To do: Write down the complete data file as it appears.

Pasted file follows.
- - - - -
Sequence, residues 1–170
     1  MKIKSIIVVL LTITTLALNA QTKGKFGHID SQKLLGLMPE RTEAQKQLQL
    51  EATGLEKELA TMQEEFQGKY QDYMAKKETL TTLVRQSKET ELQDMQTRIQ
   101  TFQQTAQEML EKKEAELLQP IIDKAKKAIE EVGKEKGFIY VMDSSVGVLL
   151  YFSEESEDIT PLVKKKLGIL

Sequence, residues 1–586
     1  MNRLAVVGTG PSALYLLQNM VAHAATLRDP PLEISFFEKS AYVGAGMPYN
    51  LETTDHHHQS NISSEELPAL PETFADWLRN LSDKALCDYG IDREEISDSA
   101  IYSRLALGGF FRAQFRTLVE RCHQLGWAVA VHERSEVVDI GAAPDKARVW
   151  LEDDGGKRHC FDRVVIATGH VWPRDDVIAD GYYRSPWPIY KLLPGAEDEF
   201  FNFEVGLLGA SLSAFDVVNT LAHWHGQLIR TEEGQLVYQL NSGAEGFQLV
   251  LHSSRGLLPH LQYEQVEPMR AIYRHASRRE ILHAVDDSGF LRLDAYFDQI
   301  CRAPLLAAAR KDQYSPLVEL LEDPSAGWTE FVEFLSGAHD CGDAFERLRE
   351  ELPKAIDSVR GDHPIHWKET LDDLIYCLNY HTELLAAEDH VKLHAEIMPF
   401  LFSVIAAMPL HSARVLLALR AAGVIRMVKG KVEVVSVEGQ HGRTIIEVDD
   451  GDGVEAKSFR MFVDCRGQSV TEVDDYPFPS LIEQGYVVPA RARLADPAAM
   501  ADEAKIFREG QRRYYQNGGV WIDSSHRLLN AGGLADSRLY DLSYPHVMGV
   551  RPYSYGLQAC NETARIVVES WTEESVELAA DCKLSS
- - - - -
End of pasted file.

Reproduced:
Sequence, residues 1–170
     1  MKIKSIIVVL LTITTLALNA QTKGKFGHID SQKLLGLMPE RTEAQKQLQL
    51  EATGLEKELA TMQEEFQGKY QDYMAKKETL TTLVRQSKET ELQDMQTRIQ
   101  TFQQTAQEML EKKEAELLQP IIDKAKKAIE EVGKEKGFIY VMDSSVGVLL
   151  YFSEESEDIT PLVKKKLGIL

Sequence, residues 1–586
     1  MNRLAVVGTG PSALYLLQNM VAHAATLRDP PLEISFFEKS AYVGAGMPYN
    51  LETTDHHHQS NISSEELPAL PETFADWLRN LSDKALCDYG IDREEISDSA
   101  IYSRLALGGF FRAQFRTLVE RCHQLGWAVA VHERSEVVDI GAAPDKARVW
   151  LEDDGGKRHC FDRVVIATGH VWPRDDVIAD GYYRSPWPIY KLLPGAEDEF
   201  FNFEVGLLGA SLSAFDVVNT LAHWHGQLIR TEEGQLVYQL NSGAEGFQLV
   251  LHSSRGLLPH LQYEQVEPMR AIYRHASRRE ILHAVDDSGF LRLDAYFDQI
   301  CRAPLLAAAR KDQYSPLVEL LEDPSAGWTE FVEFLSGAHD CGDAFERLRE
   351  ELPKAIDSVR GDHPIHWKET LDDLIYCLNY HTELLAAEDH VKLHAEIMPF
   401  LFSVIAAMPL HSARVLLALR AAGVIRMVKG KVEVVSVEGQ HGRTIIEVDD
   451  GDGVEAKSFR MFVDCRGQSV TEVDDYPFPS LIEQGYVVPA RARLADPAAM
   501  ADEAKIFREG QRRYYQNGGV WIDSSHRLLN AGGLADSRLY DLSYPHVMGV
   551  RPYSYGLQAC NETARIVVES WTEESVELAA DCKLSS